Go beyond the red chilli powder and experiment with the flavour profiles of other spices in your pantry to make your food spicier.
A spice is a plant product that has aromatic properties and is used to season foods. By and large, most spices are obtained from seeds – fenugreek seeds, nutmeg, nigella seeds, cumin, mustard, etc. Along with the seeds, some spices come from the bark such as cinnamon, the fruit such as pepper, and leaves like bay leaf.
What would our meals be like without spices? Imagine having to eat tasteless bland food, day after day; no salt and pepper to dust over our fries, no chaat masala to sprinkle over our sev puri, and no chili flakes over the pizza!
Garam masala – the classic spice blend that makes Indian dals, stews, subzis and biryanis come to life! This warm and earthy spice blend lends your dish bags of flavour and gives it an authenticity. What’s more, the impeccable amalgamation of spices and condiments heightens your cooking style, provides a whole host of surprising health benefits and saves loads of time too.
Once winter sets in, it’s not always enough to wrap yourself in a blanket! You need to warm yourself from inside out. Condiments and spices have been used in our culture for culinary as well as medicinal reasons. Warm spices such as pepper, cardamom, cloves, cinnamon and coriander partner beautifully with most Indian recipes as well as spice blends - garam masala, biryani masala, paneer masala and curry powder. In fact, spices have a stellar role to play in all Indian dishes. What’s more, the health benefits of spices are also noteworthy.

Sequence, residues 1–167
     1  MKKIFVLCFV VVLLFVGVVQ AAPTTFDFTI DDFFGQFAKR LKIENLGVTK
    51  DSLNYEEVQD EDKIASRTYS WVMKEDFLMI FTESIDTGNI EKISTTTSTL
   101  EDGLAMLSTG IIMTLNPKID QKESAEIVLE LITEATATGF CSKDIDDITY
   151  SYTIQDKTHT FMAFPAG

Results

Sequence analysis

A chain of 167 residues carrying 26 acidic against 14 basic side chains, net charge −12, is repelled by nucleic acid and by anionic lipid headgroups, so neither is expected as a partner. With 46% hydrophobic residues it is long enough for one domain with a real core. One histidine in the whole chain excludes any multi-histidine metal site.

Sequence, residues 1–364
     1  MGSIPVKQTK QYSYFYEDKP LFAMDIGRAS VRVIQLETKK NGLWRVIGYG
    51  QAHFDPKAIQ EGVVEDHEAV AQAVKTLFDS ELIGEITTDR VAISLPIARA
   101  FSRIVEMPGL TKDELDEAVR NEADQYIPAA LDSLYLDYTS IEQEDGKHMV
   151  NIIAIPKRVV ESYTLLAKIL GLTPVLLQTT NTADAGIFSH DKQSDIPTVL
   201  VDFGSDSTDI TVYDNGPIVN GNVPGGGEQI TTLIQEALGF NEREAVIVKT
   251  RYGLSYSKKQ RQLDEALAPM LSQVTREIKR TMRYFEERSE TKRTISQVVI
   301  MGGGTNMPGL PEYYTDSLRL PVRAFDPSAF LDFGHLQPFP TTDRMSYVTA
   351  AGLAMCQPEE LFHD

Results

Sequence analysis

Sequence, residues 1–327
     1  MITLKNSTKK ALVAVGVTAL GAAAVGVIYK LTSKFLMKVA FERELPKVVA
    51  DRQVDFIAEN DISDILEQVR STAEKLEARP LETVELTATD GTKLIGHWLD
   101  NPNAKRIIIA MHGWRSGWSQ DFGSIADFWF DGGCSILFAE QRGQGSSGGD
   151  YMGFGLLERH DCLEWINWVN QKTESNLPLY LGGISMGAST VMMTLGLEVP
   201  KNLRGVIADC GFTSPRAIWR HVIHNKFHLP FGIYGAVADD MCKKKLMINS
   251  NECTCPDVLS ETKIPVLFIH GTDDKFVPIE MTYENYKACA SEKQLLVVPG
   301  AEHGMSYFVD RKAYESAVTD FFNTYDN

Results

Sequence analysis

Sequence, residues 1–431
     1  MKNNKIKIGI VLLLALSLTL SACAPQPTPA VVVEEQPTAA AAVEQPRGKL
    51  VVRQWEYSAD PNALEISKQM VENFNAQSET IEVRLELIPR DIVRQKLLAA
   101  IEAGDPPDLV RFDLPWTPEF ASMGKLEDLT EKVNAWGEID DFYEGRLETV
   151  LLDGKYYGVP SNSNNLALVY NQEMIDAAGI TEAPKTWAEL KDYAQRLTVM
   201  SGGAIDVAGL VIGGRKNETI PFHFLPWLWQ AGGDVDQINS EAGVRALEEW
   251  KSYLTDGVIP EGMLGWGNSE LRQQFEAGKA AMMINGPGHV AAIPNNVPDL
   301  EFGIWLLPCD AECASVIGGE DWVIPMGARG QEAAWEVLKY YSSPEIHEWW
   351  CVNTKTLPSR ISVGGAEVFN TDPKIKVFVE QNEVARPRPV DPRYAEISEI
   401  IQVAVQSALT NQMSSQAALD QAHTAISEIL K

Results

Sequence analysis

Our dietary patterns match seasons is not really news to us. Traditionally, we have eaten food which cools us down during the summers, and gives us warmth during winters. This pattern can also be mapped to spices. To understand what kind of spices we should use during the different seasons, we need to first understand our seasons and the benefits of spices better. Our seasons can be broadly categorised into two phases, Visarga Kala and Adana Kala. Visarga Kala has three seasons: Varsha, Sharad and Hemanth. The season extends from the monsoon through autumn to early winter. Adana Kala meanwhile starts with the cold late winter of Shishira, moves into the spring season of Vasantha and ends with the hot summer season – Grishma.
Spices are the soul of Indian food. Irrespective of cuisines or type of food, spices add flavour, aroma and a distinct touch to every dish. Each Indian household has a set of spices that are used every day. At the same time, there are spices or spice blends which are not used as regularly. As spices are used in small quantities, each packet also tends to last for a long time. The potency of any spice can get compromised if it is not stored properly. Keeping spices in the open makes them lose freshness and makes it susceptible to insects.
Spices have very powerful antioxidant and anti-inflammatory properties. Research shows that they are capable of helping us deal with chronic diseases, perking up metabolism and work towards good health. The science of Ayurveda states that though spices are usually seen as aromatics and taste enhancers, most of them hold a valuable key to disease prevention.